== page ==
I have used both Polyairs and Coilrites. The Polyairs in my GQ 3l petrol and the Coilrites in my current GU 4.8l petrol.
I haven't found any major difference in operation. Both are great when I put extreme loads in the load bay and want to stop the rear sagging. Last week I carried over 300kg in the back and had the Coilrites pumped up to 26psi. Still ended up with a minor sag though. I had pumped the bags up before I went to pick up the load but was not able to add a bit more air when I put the 300+kg in as there was no compressor available. It takes a few uses to understand the correct pressure to run them at but sometimes I still don't get it perfectly right.
Without the air bags I would have had severe rear end sag and little steering and braking effect on the front wheels, quite dangerous.
Remember to let the bags down again (3 - 5psi minimum) after removing all of the weight in the back otherwise you will get a very FIRM ride.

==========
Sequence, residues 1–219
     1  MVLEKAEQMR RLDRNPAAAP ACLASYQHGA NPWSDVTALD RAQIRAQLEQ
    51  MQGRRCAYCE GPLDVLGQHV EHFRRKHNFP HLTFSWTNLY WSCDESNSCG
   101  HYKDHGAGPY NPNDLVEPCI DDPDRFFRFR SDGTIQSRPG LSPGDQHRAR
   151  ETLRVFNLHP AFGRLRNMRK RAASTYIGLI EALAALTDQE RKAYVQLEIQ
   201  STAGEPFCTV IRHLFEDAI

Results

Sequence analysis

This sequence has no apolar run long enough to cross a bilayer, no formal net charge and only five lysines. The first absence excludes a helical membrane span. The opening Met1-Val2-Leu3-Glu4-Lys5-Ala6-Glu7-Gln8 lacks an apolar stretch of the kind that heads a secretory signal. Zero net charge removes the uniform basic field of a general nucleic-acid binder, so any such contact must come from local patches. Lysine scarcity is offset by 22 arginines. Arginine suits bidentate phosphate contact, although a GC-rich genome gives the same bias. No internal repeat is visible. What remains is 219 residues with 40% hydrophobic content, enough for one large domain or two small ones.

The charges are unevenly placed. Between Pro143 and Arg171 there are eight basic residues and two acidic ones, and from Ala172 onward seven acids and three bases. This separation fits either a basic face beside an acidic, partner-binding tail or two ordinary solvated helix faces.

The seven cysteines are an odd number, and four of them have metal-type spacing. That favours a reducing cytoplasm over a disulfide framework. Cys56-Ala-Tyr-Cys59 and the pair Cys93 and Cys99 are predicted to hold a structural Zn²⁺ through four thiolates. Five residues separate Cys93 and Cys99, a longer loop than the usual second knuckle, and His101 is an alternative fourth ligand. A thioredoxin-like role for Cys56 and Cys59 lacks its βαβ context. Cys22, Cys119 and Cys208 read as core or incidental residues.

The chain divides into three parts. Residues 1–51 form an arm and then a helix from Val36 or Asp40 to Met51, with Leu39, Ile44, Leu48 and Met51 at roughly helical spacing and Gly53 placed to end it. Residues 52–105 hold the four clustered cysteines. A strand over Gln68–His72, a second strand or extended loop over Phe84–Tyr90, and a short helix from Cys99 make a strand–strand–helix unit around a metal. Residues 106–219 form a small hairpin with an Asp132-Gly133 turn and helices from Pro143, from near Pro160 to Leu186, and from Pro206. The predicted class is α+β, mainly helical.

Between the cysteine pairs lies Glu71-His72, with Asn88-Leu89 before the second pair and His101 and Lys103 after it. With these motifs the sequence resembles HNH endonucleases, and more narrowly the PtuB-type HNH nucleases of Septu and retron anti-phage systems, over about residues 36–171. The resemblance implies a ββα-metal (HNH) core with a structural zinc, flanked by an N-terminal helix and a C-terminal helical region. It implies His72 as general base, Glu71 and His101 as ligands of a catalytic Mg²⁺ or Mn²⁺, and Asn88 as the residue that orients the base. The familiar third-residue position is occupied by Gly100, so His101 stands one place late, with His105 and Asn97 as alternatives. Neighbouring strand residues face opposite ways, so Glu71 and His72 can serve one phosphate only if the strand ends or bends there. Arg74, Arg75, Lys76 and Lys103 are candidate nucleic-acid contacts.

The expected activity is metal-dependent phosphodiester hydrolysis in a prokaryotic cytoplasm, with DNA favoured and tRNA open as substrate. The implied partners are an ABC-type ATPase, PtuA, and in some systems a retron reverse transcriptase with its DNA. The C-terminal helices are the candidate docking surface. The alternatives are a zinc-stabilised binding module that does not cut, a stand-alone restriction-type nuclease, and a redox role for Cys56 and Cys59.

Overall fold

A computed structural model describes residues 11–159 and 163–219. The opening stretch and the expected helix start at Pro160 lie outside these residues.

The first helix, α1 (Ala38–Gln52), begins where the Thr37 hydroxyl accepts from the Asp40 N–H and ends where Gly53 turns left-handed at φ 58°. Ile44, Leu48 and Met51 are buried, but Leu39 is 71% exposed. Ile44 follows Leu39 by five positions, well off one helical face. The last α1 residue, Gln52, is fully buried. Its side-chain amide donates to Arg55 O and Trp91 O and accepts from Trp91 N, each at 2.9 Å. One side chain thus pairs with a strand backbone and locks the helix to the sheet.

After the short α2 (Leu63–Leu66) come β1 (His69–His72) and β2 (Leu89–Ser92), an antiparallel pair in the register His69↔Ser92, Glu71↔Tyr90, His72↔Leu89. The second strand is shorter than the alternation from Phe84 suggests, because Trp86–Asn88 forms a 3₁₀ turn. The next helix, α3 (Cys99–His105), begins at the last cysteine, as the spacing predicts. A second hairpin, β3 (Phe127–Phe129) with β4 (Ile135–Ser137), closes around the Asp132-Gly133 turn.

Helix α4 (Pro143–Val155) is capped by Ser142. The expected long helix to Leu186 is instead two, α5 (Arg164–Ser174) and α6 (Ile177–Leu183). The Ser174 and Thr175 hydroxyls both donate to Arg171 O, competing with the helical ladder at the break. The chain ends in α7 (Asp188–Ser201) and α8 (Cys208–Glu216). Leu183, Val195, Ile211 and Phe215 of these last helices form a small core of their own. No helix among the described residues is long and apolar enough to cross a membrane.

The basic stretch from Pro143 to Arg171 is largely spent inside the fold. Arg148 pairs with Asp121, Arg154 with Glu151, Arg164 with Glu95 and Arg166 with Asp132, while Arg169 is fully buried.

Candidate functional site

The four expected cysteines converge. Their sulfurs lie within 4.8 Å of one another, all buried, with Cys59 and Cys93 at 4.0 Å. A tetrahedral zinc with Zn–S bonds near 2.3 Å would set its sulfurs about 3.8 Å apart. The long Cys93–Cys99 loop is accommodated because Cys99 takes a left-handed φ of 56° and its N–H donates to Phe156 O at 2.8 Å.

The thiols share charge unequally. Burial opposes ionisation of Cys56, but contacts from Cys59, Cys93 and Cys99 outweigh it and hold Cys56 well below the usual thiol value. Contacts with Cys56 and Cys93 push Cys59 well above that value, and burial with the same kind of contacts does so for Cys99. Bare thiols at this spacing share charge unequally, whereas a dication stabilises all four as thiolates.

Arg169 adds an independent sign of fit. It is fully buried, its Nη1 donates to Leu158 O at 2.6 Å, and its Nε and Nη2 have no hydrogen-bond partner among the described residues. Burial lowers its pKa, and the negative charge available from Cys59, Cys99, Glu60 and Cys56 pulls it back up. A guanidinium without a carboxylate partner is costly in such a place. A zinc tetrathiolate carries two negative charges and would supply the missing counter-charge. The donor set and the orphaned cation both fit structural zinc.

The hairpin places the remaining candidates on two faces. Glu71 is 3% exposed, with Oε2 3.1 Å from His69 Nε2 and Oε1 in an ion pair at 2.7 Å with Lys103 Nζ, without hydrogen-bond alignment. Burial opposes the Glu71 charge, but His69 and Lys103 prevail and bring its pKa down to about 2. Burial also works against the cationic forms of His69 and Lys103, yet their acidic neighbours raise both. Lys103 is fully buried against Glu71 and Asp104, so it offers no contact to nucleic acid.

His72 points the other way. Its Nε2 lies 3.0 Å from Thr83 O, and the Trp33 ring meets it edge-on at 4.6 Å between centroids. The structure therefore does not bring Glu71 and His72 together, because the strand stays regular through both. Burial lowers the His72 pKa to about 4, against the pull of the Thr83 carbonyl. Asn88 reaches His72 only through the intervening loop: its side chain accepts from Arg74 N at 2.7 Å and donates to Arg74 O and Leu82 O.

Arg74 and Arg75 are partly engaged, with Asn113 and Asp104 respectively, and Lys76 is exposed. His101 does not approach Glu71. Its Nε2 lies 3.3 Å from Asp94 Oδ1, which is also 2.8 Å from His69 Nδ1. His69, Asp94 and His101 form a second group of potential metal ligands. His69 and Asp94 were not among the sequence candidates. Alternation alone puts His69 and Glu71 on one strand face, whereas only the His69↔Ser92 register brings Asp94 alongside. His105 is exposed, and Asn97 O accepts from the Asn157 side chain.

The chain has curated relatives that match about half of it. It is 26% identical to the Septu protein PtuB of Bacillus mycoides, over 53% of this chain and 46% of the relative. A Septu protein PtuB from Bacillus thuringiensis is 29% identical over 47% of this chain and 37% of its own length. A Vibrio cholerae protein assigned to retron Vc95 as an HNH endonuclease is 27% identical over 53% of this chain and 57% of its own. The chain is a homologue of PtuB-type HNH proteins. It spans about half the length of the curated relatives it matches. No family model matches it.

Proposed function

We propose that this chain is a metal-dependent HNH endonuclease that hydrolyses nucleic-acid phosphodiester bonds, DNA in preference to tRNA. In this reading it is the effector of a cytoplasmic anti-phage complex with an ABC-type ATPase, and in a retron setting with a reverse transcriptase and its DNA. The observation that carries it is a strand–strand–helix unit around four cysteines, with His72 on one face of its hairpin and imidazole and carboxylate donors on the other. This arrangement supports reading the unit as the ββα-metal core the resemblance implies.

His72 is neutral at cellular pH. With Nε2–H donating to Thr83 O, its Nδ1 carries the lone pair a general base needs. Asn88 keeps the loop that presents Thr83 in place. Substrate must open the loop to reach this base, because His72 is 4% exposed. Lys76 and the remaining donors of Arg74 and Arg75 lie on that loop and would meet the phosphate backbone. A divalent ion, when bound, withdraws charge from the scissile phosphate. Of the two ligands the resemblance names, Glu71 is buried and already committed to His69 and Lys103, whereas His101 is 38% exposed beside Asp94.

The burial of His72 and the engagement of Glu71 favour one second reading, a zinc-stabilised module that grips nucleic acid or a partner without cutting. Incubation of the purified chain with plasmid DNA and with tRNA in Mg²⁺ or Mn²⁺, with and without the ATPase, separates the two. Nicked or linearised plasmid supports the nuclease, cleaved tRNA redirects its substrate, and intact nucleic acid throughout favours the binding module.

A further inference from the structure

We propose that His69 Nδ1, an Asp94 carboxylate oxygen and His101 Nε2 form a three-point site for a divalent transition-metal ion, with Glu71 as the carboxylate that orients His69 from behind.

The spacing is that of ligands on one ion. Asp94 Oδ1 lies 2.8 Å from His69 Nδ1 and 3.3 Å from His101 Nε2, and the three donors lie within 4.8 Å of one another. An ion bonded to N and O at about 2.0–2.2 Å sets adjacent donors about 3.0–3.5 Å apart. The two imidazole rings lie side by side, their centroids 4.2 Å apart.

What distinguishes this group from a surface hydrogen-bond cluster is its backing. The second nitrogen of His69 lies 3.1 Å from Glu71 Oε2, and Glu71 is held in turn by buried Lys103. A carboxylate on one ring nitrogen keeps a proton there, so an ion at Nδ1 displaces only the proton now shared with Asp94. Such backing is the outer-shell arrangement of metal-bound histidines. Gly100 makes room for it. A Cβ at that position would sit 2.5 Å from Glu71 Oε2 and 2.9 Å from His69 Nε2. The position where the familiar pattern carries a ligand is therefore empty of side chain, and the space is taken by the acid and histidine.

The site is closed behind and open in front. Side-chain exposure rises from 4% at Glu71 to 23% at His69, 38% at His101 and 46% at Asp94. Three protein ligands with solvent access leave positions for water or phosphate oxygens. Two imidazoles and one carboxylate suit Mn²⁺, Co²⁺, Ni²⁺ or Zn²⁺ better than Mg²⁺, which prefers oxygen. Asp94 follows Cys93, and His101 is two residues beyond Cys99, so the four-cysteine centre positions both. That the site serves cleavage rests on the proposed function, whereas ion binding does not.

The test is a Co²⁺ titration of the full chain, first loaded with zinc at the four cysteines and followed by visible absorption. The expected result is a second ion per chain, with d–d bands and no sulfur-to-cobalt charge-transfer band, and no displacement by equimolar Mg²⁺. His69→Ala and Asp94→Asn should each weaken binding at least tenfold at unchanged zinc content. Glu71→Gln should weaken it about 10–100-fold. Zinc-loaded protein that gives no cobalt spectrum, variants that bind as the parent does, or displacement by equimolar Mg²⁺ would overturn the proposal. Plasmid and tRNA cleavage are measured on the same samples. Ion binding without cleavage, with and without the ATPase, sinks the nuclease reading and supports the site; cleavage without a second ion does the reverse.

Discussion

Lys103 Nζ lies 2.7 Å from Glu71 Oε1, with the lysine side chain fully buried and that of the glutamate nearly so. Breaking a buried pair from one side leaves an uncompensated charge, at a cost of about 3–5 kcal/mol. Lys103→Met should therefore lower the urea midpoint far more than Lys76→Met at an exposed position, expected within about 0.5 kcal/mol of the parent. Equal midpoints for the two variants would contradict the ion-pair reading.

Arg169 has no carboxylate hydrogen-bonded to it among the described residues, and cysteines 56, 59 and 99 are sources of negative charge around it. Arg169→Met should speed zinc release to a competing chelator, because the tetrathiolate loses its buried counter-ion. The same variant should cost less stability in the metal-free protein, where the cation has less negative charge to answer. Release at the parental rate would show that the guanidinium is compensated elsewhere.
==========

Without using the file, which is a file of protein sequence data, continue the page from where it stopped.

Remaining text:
Overall I am very happy with the Coilrites and the Polyairs were also good on the GQ.
The reason I purchased the Coilrites were:
1. I read an article on them and they sounded O.K.
2. They were easy to fit to the GU without having to remove the rear coils.

Use the air bags as intended and you will not be unhappy.

Happy 4 wheeling

Woodsy

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AnswerID: 60018

Follow Up By: Member - Rohan K - Tuesday, May 25, 2004 at 11:45

Tuesday, May 25, 2004 at 11:45
BTW Roachie, if you air-up the PolyAirs/CoilRights when unladden you WILL get an increase in ride height. I get about 25 - 35 mm lift at 28 psi with the cargo area empty.

I don't use this as "lift" for 4x4 though, as it makes the suspension very stiff - the opposite to what you want off-road.
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Follow Up By: Member - Captain (WA) - Tuesday, May 25, 2004 at 13:17

Tuesday, May 25, 2004 at 13:17
Hi Woodsy,

When running the airbags at 3-5psi, do you notice a firmer ride at all compared to no airbags?

I am planning on installing airbags for when touring with van + load so I can adjust the suspension. I do not want heavy duty springs as a lot of time the vehicle is unloaded and used to and from work. Hopefully the airbags will be unnoticeable when not in use.

Cheers

Captain
Its not what you drive, but how you drive it!
LC 200 + AOR Quantum